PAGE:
The NHS is failing to prescribe NICE-appraised drugs in England, official data suggests.
A report by the Health and Social Care Information Centre (HSCIC) found six medicines – which had been approved as cost effective by the National Institute for Health and Clinical Excellence (NICE) – were being used at rates “lower than expected”.
According to Use of NICE-appraised medicines in the NHS in England – 2010 and 2011 a further six medicines studied were being used at rates “higher than expected”.
HSCIC chief executive Tim Straughan stressed the “experimental” nature of the research means the findings do not “definitively mean” certain drugs are being ‘under’ or ‘over’ prescribed.
The Association of the British Pharmaceutical Industry (ABPI) said it is “concerned” about the report findings.
“It is vital that we understand when NICE recommended medicines are not reaching patients,” said Stephen Whitehead, chief executive of the ABPI.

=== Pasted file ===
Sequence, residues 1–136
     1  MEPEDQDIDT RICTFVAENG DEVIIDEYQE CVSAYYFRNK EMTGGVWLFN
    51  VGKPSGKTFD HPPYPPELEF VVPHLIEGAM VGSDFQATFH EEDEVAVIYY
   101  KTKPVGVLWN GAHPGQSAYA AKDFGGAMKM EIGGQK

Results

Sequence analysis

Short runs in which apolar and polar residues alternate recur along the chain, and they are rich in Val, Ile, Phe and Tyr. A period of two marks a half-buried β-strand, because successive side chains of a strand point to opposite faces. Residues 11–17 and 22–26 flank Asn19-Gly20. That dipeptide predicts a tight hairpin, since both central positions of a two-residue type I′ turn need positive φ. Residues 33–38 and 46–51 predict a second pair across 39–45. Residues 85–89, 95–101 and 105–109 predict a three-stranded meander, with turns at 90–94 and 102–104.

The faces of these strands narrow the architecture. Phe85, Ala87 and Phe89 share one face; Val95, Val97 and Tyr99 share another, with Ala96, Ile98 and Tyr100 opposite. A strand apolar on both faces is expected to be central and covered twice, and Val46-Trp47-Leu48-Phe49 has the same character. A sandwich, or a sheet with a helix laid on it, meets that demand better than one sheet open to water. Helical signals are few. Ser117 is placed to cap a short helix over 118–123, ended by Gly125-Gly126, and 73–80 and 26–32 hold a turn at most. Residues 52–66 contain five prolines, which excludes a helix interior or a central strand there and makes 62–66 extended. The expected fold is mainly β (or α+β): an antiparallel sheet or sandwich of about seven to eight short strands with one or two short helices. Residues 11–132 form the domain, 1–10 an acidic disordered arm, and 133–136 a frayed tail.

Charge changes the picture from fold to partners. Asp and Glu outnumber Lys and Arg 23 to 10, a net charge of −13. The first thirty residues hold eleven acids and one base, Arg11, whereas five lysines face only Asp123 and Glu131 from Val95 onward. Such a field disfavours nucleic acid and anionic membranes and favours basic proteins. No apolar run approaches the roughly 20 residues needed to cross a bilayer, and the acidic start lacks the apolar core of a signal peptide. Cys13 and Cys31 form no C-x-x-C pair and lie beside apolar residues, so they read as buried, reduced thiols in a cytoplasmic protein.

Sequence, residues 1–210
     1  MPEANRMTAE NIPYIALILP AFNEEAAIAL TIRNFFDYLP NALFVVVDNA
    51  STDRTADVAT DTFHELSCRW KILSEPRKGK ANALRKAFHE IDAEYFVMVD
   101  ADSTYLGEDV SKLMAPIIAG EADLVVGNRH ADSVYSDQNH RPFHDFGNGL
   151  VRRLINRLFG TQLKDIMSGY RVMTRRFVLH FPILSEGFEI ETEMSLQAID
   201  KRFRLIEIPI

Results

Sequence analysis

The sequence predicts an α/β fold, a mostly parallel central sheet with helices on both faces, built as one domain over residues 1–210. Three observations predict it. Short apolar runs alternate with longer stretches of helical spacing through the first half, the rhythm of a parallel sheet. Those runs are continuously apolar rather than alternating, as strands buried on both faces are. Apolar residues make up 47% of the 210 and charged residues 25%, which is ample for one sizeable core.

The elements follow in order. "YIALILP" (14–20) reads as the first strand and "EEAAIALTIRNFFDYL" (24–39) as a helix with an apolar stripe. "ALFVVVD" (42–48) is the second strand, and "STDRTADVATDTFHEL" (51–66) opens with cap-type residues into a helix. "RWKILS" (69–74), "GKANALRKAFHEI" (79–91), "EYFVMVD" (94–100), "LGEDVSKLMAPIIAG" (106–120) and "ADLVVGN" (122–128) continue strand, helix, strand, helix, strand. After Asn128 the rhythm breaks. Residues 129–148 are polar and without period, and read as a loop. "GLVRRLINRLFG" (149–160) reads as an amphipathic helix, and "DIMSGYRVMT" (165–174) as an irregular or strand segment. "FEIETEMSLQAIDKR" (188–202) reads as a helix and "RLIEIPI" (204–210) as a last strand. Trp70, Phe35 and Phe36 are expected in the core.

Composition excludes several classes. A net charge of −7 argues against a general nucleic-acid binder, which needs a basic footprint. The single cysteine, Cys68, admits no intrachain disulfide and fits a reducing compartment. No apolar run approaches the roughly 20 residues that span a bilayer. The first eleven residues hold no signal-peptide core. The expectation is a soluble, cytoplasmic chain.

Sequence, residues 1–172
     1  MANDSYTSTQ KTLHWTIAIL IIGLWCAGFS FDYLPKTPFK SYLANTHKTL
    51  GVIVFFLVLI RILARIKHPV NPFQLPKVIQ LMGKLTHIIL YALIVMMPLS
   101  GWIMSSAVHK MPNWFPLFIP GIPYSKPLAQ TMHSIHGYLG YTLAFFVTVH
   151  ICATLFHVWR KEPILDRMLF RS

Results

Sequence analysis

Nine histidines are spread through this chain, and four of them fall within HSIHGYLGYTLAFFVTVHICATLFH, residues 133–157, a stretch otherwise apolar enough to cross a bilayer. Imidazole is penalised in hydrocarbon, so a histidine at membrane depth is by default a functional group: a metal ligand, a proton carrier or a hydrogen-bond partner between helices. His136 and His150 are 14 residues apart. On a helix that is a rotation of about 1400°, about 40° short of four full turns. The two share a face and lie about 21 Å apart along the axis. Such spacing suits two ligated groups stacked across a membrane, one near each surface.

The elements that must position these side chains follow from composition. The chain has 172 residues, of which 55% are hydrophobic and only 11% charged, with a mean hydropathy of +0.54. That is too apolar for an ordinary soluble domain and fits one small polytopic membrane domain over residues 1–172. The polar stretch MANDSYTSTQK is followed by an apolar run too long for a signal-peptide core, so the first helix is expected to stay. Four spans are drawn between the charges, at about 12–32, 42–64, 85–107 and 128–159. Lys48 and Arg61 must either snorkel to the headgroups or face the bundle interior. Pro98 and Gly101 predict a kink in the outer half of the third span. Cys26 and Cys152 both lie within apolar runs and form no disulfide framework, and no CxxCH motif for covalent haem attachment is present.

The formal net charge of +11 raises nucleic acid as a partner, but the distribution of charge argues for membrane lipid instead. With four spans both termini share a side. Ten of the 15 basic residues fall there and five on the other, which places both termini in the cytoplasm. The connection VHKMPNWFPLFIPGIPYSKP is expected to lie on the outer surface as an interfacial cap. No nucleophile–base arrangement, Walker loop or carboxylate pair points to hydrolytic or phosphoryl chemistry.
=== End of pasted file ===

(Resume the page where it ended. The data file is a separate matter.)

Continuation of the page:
“This year’s report shows that many medicines, including new medicines, still continue to be underused. It is also clear that there is too much unwarranted regional variation – so in some parts of the country people can access a medicine, whereas just a few miles away, another person can’t.
“In the interests of the nation’s health and improving patient outcomes, these problems must be addressed as a matter of urgency.”
The drugs whose use was lower than expected were:
Abciximab, eptifibatide and tirofiban – for treating acute coronary syndrome.
Riluzole – a treatment to extend life in patients with amyotrophic lateral sclerosis, a form of motor neurone disease.
Naltrexone – for recovering heroin addicts.
Trastuzumab – used for the treatment of advanced breast cancer and gastric cancer.
Prucalopride – for the treatment of chronic constipation in women.
Febuxostat –for chronic hyperuricaemia in gout.